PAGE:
3. Plastic-free periods
A campaign by plastic waste charity City to Sea and the Women’s Environmental Network (WEN), the Environmenstrual campaign aims to tackle the waste produced by the 4.3 billion disposable menstrual products that are used every year in the UK alone.
The behaviour change campaign is raising awareness of reusable period products, including washable cotton pads, menstrual cups and absorbent period pants. It also provides information about plastic-free, organic disposable options, and educates people about the problems caused by flushing their menstrual products instead of binning them.
4. Water refill stations
With Waitrose funding, the Youth Hostel Association (YHA) will be installing free water bottle refill stations in 60 major youth hostels.Refill scheme, a national initiative promoting free tap water to reduce the consumption of single-use plastic bottles, and has been trialling water refill stations in 26 hostels. James Blake, Chief Executive of YHA (England and Wales), said at the timet: “The Refill initiative is helping us make greater progress in further reducing not only our own carbon footprint, but that of the thousands of young people and their families who stay with us and visit our youth hostels each year.”
The charity previously committed to banning single-use plastic straws from all its locations. Rolling out the water refill stations across the entire hostel network could save 500,000 plastic bottles from use in YHA’s packed lunches for school groups, as well as enabling all visitors to fill up their bottles and stay hydrated.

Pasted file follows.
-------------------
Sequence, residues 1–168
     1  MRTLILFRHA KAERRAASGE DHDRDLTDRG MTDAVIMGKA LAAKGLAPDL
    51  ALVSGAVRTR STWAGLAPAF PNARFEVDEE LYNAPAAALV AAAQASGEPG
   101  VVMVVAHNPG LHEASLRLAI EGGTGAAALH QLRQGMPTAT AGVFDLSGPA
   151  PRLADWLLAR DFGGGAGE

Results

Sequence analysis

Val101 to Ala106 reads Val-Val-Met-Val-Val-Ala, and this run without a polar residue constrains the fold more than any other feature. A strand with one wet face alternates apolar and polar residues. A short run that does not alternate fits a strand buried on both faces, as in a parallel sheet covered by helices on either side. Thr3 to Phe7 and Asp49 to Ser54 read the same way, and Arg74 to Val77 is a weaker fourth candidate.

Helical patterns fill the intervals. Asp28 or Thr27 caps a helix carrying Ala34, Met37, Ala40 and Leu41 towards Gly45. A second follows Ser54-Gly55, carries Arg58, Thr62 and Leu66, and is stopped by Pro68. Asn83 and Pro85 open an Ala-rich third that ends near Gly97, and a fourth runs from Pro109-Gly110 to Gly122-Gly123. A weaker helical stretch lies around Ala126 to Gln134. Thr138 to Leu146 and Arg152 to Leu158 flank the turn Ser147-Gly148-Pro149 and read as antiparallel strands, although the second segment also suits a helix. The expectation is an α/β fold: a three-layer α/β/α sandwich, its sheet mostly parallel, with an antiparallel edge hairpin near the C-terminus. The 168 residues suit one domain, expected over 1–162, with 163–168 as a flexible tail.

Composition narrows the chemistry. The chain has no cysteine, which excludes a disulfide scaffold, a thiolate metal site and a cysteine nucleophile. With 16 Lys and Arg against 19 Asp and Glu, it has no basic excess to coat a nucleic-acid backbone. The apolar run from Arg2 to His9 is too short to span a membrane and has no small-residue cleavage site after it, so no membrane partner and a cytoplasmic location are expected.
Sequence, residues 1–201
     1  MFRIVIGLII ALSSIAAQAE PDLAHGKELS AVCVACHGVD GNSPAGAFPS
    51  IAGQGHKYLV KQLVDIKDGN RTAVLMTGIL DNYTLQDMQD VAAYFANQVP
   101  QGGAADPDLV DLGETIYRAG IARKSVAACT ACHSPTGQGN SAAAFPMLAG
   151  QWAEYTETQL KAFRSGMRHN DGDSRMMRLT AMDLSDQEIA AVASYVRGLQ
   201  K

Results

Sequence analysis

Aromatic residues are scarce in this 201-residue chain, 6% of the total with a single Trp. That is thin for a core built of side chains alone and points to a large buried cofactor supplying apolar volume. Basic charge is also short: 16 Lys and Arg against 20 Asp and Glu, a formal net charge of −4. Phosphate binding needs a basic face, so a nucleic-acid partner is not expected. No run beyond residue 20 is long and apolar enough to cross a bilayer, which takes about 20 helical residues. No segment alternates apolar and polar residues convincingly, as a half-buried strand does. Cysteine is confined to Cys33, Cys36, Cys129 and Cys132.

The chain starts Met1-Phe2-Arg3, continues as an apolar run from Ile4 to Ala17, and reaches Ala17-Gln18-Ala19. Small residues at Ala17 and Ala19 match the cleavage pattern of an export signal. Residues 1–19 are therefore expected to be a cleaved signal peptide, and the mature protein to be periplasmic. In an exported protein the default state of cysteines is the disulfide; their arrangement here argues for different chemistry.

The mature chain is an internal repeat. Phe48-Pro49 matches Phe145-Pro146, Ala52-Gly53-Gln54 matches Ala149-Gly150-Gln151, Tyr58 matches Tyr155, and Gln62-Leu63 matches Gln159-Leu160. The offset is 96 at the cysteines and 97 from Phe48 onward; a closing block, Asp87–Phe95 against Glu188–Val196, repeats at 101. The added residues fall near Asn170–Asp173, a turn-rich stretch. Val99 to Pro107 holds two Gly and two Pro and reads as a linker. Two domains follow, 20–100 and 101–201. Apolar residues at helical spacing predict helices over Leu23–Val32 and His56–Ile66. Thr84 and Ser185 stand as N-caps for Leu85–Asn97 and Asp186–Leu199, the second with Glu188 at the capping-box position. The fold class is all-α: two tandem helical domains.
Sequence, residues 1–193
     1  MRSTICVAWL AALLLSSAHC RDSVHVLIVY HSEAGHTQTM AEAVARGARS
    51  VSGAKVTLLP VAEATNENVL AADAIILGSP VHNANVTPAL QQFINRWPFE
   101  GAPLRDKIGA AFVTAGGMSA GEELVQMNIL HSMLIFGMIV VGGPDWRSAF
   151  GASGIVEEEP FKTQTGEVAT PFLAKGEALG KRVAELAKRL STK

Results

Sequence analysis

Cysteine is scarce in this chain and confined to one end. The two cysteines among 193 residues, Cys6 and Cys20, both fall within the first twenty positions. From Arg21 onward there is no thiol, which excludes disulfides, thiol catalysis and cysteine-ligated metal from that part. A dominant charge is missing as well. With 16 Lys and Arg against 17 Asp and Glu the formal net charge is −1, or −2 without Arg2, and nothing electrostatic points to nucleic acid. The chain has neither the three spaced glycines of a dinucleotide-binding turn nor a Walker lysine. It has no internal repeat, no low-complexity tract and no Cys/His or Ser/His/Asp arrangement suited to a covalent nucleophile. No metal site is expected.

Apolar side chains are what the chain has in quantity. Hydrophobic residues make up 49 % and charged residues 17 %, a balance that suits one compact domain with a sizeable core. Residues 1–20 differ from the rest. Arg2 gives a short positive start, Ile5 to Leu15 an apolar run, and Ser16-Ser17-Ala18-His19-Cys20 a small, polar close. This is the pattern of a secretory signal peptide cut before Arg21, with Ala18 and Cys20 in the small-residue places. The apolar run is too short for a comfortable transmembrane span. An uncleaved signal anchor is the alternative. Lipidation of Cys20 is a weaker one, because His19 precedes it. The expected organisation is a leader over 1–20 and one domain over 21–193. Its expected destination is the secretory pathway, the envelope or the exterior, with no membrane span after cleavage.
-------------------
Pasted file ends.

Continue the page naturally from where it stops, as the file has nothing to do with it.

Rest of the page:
5. ‘Mussel power’ microplastic filters
In Plymouth, a project is researching the feasibility of using mussels to safely filter microplastics out of estuaries and coastal areas.
Microplastics have been shown to be ever-present in our waters and in the food chain, with one study from Plymouth University finding minute pieces of plastic smaller than 5 millimetres in 36.5 per cent of fish analysed. Another study of a sample of wild mussels from around the UK coastline found 100 per cent contained microplastics or microfibres.
Plymouth Marine Laboratory (PML) is hoping to explore how the natural mechanism of mussels – which feed by filtering the water for plankton – could be used purposefully to filter plastics out of the environment. So-called ‘bioreefs’ of mussels could be placed in coastal locations to remove the tiny plastics, which are nigh on impossible for humans to remove from the environment with current technology.
PML scientist Dr Matthew Cole said: “We are delighted to have received funding from Waitrose and Hubbub UK to explore whether mussels could help play a role in stemming the flow of microplastics from source to sea. Microplastics are a persistent and widespread pollutant, and our research has highlighted the negative effects they can have on sensitive marine species.”
You can find out more about the Plan Plastic initiative on the project’s website.